Historically, quieter cars have generally been viewed as a benefit. When the Ford Escape Hybrid was introduced in 2008, for example, a commercial depicted a delighted family sneaking up on deer in a forest. The promise of cars powered by electricity was that they would quite literally get us closer to nature.
I experienced the quiet relief of electric cars during the annual Automotive Journalists Association of Canada EcoRun, held in Alberta in June. I tested the Hyundai Kona and Chevy Bolt battery-electric vehicles, the Hyundai Nexo hydrogen fuel-cell electric and the plug-in hybrids Volvo XC90 T8 and Mitsubishi Eclipse. It is an eerie feeling to sit at a stop light in a car thatʼs making no noise at all.
Many manufacturers have built their brand around sound, including the Detroit Three with muscle cars such as the Mustang, Camaro and Challenger; German-based automakers such as Porsche and Mercedes AMG; and exotic brands such as Lamborghini and Ferrari. Motorcycle maker Harley-Davidson actually patented its low “potato-potato-potato” engine rumble in its ICE bikes. And Harley riders are notorious for modifying their bike’s exhaust, arguing they need to make a lot of noise so drivers notice them.
When Harley introduced the LiveWire BEV this year, the company made much of the fact that it had engineered a whine with a progressive pitch to enhance the rider experience. Some EV cars, including the Mitsubishi electric i-Miev, Jaguar iPace and Kona electric, also have engineered sound – an artificial hum at lower speeds.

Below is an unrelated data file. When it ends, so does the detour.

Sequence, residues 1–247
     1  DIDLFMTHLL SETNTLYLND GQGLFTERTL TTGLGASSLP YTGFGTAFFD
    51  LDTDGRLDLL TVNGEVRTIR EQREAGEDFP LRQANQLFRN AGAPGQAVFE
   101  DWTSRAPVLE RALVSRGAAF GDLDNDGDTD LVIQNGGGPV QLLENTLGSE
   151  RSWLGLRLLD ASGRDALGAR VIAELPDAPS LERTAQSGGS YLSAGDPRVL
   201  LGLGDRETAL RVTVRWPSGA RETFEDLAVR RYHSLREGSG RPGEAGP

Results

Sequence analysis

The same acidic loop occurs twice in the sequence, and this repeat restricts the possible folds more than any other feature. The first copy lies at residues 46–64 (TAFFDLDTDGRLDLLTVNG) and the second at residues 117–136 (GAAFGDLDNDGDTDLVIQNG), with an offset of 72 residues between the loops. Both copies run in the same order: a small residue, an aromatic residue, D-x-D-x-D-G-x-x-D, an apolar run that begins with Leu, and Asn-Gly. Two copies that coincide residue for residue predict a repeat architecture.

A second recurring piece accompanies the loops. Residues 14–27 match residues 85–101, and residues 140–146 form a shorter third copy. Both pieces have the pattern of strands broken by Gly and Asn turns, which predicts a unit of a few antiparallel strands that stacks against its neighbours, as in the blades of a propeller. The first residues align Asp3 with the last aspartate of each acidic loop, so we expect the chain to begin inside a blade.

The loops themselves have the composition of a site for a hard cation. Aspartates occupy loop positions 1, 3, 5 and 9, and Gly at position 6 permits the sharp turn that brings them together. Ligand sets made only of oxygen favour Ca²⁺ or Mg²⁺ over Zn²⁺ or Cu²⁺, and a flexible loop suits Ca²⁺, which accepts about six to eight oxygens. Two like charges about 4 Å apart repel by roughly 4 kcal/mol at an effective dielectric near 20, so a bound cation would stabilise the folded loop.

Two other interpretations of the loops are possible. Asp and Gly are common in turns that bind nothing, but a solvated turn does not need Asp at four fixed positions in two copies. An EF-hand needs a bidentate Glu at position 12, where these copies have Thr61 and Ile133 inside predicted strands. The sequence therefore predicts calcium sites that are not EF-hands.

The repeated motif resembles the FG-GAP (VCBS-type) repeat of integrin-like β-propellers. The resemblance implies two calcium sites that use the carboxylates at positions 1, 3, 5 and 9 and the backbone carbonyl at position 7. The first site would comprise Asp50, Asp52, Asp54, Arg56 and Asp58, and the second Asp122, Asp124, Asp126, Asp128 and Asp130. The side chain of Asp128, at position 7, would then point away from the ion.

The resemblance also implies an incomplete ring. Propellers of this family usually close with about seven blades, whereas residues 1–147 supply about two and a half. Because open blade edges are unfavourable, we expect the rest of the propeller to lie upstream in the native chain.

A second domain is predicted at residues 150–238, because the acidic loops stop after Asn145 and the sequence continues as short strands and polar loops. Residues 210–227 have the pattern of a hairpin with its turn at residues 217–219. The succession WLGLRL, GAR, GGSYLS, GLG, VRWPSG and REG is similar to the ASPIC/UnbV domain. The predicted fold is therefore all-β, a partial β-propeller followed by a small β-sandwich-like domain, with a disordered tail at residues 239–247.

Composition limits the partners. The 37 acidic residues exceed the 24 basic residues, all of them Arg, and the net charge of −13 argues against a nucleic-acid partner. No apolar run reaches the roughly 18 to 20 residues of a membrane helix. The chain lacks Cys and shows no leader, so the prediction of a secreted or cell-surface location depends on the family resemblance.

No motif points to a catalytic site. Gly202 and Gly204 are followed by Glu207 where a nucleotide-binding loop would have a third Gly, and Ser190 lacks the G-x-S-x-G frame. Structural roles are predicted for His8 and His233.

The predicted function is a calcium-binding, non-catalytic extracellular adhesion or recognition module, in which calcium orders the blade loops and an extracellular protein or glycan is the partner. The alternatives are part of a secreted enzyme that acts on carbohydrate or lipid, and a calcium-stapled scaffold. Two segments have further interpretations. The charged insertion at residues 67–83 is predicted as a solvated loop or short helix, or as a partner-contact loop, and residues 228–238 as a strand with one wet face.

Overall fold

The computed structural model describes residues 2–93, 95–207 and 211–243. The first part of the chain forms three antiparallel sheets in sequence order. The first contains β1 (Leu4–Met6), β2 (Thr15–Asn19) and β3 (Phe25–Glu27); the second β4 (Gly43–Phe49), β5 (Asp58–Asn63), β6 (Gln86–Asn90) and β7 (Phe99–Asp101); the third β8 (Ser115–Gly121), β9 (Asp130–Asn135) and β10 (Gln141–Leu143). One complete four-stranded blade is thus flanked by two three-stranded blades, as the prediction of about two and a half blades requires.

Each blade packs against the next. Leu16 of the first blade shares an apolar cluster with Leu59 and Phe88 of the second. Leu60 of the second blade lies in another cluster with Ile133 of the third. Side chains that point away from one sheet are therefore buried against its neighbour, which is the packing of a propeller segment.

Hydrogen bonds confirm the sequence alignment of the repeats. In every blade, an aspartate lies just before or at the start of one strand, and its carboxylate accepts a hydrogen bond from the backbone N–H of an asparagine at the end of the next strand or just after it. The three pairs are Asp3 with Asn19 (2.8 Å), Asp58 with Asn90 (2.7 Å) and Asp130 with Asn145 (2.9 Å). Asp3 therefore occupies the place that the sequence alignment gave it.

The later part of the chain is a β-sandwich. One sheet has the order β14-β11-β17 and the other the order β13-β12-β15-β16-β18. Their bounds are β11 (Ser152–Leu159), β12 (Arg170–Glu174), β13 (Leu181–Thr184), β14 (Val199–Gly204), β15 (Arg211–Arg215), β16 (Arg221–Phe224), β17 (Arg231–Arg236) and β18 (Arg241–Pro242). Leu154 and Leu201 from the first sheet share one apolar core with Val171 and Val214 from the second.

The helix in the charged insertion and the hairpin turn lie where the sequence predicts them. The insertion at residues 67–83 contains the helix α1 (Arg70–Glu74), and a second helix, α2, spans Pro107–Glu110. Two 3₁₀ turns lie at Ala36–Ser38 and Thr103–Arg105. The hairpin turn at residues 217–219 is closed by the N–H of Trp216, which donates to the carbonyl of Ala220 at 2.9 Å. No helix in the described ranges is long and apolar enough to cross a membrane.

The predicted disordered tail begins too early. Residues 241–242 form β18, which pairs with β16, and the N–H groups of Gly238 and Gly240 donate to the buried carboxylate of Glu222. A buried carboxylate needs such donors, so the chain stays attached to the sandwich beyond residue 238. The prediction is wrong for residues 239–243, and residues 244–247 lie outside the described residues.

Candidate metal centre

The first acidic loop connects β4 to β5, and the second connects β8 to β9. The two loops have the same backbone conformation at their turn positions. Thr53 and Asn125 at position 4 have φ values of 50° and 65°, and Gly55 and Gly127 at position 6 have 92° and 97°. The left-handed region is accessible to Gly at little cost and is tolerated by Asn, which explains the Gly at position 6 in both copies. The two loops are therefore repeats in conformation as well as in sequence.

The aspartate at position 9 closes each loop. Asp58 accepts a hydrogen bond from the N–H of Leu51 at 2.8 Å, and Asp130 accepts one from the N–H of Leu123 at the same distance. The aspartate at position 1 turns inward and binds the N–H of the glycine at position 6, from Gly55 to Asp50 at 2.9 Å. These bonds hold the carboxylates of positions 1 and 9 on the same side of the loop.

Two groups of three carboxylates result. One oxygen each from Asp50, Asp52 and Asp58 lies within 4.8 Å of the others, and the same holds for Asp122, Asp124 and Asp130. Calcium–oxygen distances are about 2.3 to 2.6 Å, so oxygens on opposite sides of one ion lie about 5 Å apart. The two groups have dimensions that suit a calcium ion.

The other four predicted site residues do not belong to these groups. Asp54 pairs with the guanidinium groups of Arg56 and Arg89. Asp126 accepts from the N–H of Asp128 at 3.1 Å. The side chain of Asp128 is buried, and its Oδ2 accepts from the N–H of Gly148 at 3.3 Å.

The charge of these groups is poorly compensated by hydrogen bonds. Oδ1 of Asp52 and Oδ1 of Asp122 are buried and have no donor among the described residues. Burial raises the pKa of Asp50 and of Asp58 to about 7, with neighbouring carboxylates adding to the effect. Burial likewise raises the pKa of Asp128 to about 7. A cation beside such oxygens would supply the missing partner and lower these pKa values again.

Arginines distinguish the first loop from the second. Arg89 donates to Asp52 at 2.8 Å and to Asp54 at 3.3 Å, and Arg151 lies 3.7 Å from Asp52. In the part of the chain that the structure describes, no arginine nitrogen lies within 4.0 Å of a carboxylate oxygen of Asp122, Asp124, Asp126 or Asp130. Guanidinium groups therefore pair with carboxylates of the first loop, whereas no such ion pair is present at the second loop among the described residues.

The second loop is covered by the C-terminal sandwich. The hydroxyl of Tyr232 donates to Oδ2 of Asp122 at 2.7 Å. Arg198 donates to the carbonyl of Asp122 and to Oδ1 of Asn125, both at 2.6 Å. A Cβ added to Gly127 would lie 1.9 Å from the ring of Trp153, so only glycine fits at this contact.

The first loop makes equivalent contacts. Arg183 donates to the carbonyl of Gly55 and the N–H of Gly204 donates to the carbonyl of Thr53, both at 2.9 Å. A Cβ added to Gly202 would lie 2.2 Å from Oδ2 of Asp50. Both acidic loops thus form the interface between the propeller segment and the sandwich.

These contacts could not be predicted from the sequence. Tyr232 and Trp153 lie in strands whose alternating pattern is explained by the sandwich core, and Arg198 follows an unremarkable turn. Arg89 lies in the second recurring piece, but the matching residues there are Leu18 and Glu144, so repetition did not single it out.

Hyundai equips its Sonata PHEV, the Ioniq hybrid, and Kona EV with what it calls the Virtual Engine Sound System. As with most such systems, the sound is broadcast from a speaker mounted just behind and above the front bumper of the vehicle.
In response to requests from automakers, the NHTSA proposed in September that U.S. drivers be able to select an electric-car alert sound, and has invited public comment. The NHTSA stated it wants the public’s opinion on “whether there should be a limit to the number of compliant sounds that a manufacturer can install in a vehicle and what that limit should be.”
Artificial engine sounds available on existing models, such as the Mitsubishi Outlander PHEV, generally make the hum of the battery-driven engine louder.
Mercedes AMG is working with rock band Linkin Park to make distinctive sounds for its electric vehicles, but has not yet revealed a sound sample. Porsche offers an optional upgrade to its Taycan sports car that boosts the volume of its electric motor to make it sound more like a gasoline engine.
Nissan is getting consumer feedback on its Canto warning system that adds a choral element to the engine’s quiet whirr. You can hear the sound here.
For safetyʼs sake, the early promise of silent EVs must go unfulfilled. But they were never going to eliminate the din of downtown Manhattan, Toronto or Vancouver, where much of the traffic noise comes from the honking of horns and wailing of sirens. For that, you’ll still need Hush City, an open-source app that is crowdsourcing quiet corners of cities around the world.